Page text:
If I get another flattop it'll likely be a mid-size steel string. Gotta admit I may be old, but GAS is a powerful psychological force if you love pickin'. Yes, I still have my archtops and semis and my early '70s "board" electric. A couple of mandolins, a 5-string banjo and... <grin> GAS is awfully powerful.

 

m

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The way I figure it is this: If what I play is best presented by six or eight different "types," plus backups, and each is of of reliable quality and well set up for what I do, that's the criterion. Not price tags.

 

Figure: Boomer flattop AE, nylon AE, a 12 AE, small body steel AE, archtop electric jazzer, full "classical," a board and a semi electric...

 

I think if all you do is one kind of music, yeah, a main and a backup may be fine. I'm not that person.

 

Also, what's "quality?" The bling? The playability? A sound that an audience can and does appreciate? None of that is dependent on high price tags.

 

A mid-high range Epiphone, as an example, runs about the same price tag as run-of-the-mill Fenders that some folks are in love with; ditto some Gibbie solidbodies. So which is the quality instrument?

 

I'm utterly convinced that I'll sound better with a well set up Epi with appropriate strings for the type of gig, than with a Gibson of any price tag that's poorly set up and strung for the kind of picking I do. Now, can I change the Gibson to reflect how and what I'd plan to play with it? Sure. But I'm also convinced that a "good" quality AE through appropriate sound equipment can sound better than a $6,000 acoustic unless you have also on hand a far more expensive sound setup for a given gig.

 

Quality to me means solid reliability, playability, appropriate AE ability for the kind of gigs I'm likely to do. That's not necessarily a big pricetag issue.

 

Let's look at it another way: I play some classical guitar for some stuff I do. I have two AE nylon strung guitars with 14-fret-to-neck design. Both are utterly reliable. One in adjusted money probably is in the couple of grand price range but probably wouldn't get me $500 today, the other around $500 and is recent.

 

Should I dump them for an all-acoustic $50,000 Hauser? Even a $5,000-level classical? I had a classical that today likely would be in the $4,000-$5,000 range. It fit what I was doing for about two years, then stuff happened and I was playing other music in a band and needed an electric, lahda lahda etc.

 

Quality? A $500 Gibson SG or a $3,500 Gibson SG for playing weekends in a saloon?

 

Also, let's take a $4,000 flattop and take it to a bluegrass gig. Sit 30 seats back in the auditorium. Walk in blind. Listen blind. Can you tell what type design is being played? Perhaps. Can you tell, for certain, what brand? I doubt it.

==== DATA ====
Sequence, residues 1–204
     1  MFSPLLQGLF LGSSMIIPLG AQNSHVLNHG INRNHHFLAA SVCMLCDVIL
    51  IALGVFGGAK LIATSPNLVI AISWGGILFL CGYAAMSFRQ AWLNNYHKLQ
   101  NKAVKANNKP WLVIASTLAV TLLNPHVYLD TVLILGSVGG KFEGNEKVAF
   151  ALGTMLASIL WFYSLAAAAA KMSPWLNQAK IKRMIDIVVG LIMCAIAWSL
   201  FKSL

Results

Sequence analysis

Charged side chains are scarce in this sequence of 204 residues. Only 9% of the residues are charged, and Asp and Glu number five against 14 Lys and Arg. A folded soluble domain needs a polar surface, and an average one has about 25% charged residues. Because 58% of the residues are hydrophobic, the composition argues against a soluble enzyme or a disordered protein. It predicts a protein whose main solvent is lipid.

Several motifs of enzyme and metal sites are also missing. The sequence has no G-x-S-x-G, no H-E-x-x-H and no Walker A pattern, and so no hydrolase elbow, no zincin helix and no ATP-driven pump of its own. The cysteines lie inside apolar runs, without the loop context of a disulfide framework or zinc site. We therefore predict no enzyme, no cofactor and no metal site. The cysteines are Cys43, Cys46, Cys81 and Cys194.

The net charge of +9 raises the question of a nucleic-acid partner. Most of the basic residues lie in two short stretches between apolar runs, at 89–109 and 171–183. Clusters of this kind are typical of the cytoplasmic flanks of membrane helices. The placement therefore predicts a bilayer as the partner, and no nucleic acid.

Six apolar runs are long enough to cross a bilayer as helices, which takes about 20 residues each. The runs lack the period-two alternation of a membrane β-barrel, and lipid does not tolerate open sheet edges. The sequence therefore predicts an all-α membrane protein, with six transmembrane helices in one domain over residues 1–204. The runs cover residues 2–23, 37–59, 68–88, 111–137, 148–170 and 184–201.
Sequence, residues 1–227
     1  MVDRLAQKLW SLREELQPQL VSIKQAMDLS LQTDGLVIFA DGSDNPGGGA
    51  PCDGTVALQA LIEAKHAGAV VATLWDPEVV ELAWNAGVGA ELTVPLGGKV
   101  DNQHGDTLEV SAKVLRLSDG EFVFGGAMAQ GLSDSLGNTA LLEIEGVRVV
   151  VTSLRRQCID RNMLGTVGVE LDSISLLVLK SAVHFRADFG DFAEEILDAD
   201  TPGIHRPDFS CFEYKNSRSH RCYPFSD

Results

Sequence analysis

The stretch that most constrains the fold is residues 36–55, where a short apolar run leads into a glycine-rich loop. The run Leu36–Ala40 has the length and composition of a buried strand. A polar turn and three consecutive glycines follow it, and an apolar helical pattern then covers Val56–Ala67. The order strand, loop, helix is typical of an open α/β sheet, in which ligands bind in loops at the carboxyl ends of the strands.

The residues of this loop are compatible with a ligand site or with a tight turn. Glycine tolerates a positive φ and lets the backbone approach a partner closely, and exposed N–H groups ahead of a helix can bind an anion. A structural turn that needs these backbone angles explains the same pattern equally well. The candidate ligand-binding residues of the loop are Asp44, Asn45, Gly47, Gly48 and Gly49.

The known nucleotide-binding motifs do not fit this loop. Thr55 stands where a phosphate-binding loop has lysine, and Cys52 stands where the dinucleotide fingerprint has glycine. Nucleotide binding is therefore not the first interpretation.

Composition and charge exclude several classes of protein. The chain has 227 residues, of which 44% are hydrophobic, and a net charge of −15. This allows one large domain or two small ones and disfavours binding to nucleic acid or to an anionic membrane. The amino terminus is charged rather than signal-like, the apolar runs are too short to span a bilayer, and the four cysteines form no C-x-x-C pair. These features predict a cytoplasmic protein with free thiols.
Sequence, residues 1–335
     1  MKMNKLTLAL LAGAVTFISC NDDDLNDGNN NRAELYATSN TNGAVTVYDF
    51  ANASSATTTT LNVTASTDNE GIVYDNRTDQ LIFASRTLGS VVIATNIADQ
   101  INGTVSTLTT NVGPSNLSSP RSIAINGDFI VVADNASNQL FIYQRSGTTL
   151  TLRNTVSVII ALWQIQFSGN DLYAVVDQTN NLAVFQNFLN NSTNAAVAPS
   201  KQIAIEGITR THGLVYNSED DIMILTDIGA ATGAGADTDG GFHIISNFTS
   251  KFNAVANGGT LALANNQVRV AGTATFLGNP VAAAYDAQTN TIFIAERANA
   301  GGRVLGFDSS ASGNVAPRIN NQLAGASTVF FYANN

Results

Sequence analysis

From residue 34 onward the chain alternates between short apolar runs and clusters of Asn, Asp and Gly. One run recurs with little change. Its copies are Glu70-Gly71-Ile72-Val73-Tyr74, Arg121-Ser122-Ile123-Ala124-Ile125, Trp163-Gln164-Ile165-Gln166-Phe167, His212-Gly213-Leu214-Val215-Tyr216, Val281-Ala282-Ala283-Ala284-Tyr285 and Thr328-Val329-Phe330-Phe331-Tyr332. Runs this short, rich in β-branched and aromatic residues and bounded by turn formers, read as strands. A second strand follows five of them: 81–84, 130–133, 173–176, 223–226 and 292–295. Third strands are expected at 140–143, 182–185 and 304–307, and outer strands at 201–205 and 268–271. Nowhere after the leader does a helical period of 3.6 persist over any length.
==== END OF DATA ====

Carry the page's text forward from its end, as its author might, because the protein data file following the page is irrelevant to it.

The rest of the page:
Now in the subjective instead of objective realm, will there be "something" that affects the player with a certain almost magical sort of connection to a given guitar? Yup. Is the price tag the determining factor? Nope.

 

m

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"If I get another flattop it'll likely be a mid-size steel string. Gotta admit I may be old, but GAS is a powerful psychological force if you love pickin'. Yes, I still have my archtops and semis and my early '70s "board" electric. A couple of mandolins, a 5-string banjo and... <grin> GAS is awfully powerful."

 

 

 

 

 

 

 

 

 

 

 

 

 

Yup...........If you're going to be afflicted with a syndrome, G.A.S. is a great one to "suffer" with...especially us old pickers![biggrin]

 

 

 

 

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I am a big fan of the LG-2 and for a good year or so, my LG-2 reissue was my favorite to the point that I questioned the need for my J45TV. After some time I picked up the J45 again and realized my love of the LG-2 was in part comfort, not tone. I also have the LG-2 Mahogany Banner which has now opened up into a beautiful sounding finger style wonder. Both these small bodies guitars are incredible and my son already has his sights set on the LG-2 reissue. But...I recently picked up the 42 Banner J-45 and think it covers all the ground of the other three guitars, with the exception of the low end of my J45TV. It is very clear and articulate on single note finger picking and you can get that boxy sound out of it when played closer to the bridge. It will be interesting to see what the years will do to my mahogany banner LG-2 , but right now if I was stranded on a desert island, I would want the 42banner J-45 hands down.